John Wikswo named Fellow of the IEEE

John P. Wikswo, Gordon A. Cain University Professor and professor of biomedical engineering, has been named a Fellow of the Institute of Electrical and Electronics Engineers.

According to the IEEE, the award recognizes “unusual distinction in the profession and is conferred by the board of directors on a person with an extraordinary record of accomplishments in any of the IEEE fields of interest.” Dr. Wikswo is being honored “for contributions to understanding electromagnetic effects on materials and biological tissues.”

Wikswo also holds the titles of A.B. Learned Professor of Living State Physics, professor of molecular physiology and biophysics, professor of physics, and director of the Vanderbilt Institute for Integrative Biosystems Research and Education.

His research includes the study of the linear and non-linear electrical properties of cardiac tissue during stimulation, propagation, and recovery for threshold- and defibrillation-strength shocks; the electrical behavior of intestinal smooth muscle; and the development and application of micro- and nano-scale devices for instrumenting and controlling the single biological cell and small populations of interconnected cells. He has worked extensively on the magnetic inverse problem, which involves inferring a description of a distribution of magnetic sources from measurements of their fields.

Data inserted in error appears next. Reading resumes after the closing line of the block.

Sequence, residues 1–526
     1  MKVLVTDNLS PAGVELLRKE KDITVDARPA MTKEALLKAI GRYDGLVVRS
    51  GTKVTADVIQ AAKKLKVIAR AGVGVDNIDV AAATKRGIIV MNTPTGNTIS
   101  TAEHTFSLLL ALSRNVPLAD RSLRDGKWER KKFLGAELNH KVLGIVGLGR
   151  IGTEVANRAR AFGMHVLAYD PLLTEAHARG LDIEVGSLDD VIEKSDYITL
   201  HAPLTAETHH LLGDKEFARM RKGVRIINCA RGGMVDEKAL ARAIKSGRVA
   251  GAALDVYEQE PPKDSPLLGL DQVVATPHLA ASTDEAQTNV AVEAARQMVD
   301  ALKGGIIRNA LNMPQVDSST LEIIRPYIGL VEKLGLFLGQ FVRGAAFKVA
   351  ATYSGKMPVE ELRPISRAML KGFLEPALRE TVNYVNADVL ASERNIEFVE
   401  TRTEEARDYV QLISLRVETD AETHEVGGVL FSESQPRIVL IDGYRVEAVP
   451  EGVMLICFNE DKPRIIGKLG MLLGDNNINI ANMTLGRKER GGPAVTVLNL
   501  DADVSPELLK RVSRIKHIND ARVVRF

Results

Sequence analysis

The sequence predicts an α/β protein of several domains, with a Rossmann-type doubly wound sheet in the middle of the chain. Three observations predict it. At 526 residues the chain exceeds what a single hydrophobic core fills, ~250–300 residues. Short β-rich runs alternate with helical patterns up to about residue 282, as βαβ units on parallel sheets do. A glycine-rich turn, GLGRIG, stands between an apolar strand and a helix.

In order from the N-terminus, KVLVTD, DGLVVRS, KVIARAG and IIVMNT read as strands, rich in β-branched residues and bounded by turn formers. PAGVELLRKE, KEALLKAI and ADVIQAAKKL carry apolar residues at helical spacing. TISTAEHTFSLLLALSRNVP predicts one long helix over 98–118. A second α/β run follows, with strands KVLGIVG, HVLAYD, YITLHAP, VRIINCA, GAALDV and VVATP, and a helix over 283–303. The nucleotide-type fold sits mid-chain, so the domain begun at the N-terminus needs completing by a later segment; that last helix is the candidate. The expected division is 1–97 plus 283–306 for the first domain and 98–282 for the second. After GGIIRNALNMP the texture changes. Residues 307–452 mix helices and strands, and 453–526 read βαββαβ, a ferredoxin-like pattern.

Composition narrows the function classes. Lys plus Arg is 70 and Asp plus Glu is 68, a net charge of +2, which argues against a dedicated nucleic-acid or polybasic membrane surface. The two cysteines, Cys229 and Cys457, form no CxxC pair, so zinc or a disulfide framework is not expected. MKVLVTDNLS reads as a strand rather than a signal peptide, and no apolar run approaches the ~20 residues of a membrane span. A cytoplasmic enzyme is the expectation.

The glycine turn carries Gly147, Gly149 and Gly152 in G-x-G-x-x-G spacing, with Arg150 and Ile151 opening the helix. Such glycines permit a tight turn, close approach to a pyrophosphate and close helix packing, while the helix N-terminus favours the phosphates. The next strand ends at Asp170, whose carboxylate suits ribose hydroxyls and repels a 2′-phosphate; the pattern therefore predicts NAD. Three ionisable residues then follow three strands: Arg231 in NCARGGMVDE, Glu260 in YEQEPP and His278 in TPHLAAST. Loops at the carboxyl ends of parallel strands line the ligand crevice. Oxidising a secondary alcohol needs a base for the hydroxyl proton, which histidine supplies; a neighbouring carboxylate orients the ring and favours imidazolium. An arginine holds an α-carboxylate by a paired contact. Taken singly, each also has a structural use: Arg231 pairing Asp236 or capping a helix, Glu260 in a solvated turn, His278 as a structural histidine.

Wikswo received his B.A. degree from the University of Virginia in 1970 and M.S. and Ph.D. degrees, all in physics, from Stanford University in 1973 and 1975, respectively. He joined the Vanderbilt University faculty in 1977.

The IEEE fellowship is the latest in a string of awards Dr. Wikswo has received. He is also a Fellow of the American Physical Society, the American Institute for Medical and Biological Engineering, the American Heart Association (AHA), the Council on Basic Cardiovascular Sciences of the AHA, the Biomedical Engineering Society, and the Heart Rhythm Society. He has been a John Simon Guggenheim Fellow, an Alfred P. Sloan Research Fellow, a Woodrow Wilson Fellow, and an NSF Predoctoral Fellow. He is a member of Phi Beta Kappa and many professional societies.